One of the unique things about trilaciclib is that it protects all lineages; you give it preventatively, not reactively in order to protect HSPCs during chemotherapy. These are some of the advantages of this agent in comparison with G-CSF or blood transfusion.
There were 3 placebo-controlled randomized trials with trilaciclib prior to chemotherapy in patients with metastatic SCLC [presented at the meeting]. We pooled the data from the 3 analyses, so we would have a higher statistical power to show the myelopreservation effects of trilaciclib.
Across the 3 studies, 123 patients received trilaciclib prior to chemotherapy and 119 received placebo. What we saw is that trilaciclib prior to chemotherapy significantly decreased induced myelosuppression and the need for supportive care interventions. [We observed a] statistically significant reductions in the duration of severe neutropenia, the percentage of patients who developed severe neutropenia, and the percentage of patients who required supportive care interventions, including G-CSF, blood cell transfusions, and ESAs.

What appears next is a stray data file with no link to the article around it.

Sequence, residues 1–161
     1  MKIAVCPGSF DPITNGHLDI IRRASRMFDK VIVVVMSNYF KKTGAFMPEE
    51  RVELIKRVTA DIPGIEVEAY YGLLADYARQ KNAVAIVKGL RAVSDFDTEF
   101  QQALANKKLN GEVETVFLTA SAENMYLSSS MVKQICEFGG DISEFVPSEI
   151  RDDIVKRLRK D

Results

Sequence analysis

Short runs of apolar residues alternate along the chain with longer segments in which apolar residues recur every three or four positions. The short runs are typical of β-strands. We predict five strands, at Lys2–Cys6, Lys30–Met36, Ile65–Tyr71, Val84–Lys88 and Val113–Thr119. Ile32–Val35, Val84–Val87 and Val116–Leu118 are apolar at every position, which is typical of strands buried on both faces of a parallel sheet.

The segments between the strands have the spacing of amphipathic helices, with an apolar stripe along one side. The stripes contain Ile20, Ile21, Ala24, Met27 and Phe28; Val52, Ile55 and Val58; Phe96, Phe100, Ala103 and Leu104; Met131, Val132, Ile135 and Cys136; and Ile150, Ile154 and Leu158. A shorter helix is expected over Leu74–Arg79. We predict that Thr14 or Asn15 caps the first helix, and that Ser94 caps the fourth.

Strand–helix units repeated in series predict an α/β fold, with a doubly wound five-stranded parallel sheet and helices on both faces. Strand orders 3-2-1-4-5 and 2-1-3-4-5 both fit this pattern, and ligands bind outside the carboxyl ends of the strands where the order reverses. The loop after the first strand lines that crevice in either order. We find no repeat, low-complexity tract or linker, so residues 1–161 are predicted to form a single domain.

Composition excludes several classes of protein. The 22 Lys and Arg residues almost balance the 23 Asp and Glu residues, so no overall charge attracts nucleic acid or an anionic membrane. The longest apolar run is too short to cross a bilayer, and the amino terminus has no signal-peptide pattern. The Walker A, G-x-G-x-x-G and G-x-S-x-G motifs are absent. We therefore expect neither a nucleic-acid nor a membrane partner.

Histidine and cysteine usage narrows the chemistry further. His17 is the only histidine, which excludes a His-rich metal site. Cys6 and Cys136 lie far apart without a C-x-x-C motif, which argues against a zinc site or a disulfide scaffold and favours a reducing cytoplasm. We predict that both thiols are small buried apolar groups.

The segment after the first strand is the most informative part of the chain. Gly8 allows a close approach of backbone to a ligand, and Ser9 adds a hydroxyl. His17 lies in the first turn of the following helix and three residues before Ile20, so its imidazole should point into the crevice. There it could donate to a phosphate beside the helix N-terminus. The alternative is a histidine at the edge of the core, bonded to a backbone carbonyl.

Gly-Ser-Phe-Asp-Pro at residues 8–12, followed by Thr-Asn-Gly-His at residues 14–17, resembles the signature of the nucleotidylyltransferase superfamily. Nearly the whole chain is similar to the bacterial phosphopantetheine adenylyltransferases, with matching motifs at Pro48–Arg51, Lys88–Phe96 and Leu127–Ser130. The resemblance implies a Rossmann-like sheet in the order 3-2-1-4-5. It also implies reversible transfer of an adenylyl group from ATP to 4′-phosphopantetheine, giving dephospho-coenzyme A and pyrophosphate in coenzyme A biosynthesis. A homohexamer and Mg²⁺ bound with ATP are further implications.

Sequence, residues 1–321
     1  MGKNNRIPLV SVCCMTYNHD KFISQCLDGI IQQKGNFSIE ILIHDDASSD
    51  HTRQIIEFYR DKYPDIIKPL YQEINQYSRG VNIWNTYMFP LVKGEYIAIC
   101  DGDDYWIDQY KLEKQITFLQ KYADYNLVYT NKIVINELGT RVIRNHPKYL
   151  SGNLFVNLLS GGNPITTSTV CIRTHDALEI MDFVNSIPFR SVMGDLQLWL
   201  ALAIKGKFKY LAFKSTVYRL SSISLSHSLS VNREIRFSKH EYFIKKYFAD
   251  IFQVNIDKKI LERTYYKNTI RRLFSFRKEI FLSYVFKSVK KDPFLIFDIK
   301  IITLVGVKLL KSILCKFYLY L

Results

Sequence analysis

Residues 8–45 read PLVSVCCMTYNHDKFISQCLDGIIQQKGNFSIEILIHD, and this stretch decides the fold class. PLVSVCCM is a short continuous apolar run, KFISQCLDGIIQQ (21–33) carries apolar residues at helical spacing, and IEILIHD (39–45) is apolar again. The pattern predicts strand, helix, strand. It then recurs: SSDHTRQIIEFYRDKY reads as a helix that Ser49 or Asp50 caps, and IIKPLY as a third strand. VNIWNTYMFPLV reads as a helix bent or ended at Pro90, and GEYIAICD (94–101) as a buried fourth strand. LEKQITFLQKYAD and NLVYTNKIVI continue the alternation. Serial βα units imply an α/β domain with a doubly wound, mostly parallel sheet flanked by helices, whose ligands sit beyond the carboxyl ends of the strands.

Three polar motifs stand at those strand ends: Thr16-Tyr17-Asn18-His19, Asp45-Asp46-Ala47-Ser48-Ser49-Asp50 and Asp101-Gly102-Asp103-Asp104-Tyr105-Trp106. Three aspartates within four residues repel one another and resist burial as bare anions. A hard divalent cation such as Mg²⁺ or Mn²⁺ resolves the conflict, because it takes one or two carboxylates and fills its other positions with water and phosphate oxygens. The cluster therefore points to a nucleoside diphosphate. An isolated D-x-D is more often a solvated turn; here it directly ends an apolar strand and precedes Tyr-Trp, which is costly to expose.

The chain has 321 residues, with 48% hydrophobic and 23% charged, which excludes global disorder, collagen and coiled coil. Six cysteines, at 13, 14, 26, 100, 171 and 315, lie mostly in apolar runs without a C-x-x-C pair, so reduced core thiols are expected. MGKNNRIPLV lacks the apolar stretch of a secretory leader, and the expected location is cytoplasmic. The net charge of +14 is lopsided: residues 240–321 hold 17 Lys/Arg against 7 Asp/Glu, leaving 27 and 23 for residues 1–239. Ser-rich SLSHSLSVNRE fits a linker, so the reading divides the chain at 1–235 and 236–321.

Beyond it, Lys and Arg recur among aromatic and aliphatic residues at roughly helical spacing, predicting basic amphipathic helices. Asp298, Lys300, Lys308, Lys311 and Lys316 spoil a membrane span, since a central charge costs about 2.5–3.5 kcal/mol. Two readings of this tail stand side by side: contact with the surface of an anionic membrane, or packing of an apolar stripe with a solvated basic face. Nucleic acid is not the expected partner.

There was also a sixfold reduction in the incidence of hospitalizations due to chemotherapy-induced myelosuppression or sepsis in patients who received trilaciclib versus placebo. The rate of hospitalizations due to chemotherapy-induced myelosuppression or sepsis was 13.6% in patients who received placebo versus 4% in patients who received trilaciclib prior to chemotherapy. That's a significant reduction in the number of hospitalizations.
These data are particularly pertinent right now considering the current health care, [COVID-19–centric] environment where we have limited resources, infection [risk], and the need to minimize patients' exposure and hospitalization.
The company G1 Therapeutics, Inc. has submitted a new drug application to the FDA. The application has priority review and the [Prescription Drug User Fee Act] action date is February 15, 2021.
There are also thoughts to study trilaciclib more in the definitive setting for patients with SCLC who are undergoing radiation therapy. Beyond lung cancer, they are actually studying trilaciclib in triple negative breast cancer with some promising results that will be presented at the 2020 San Antonio Breast Cancer Symposium. There is also an ongoing Phase 3 study in colorectal cancer with myelopreservation primary endpoints. These are very exciting data and we're all looking forward to seeing what the FDA determination is going to be in a few months. [The agent] may soon become available to patients with SCLC.
What is really also of interest and is an area of research is to see how the preservation of the immune cells will impact the response to future lines of therapy, such as immunotherapy or even other targeted therapy or cytotoxic chemotherapy knowing how important the immune system is in response to therapy.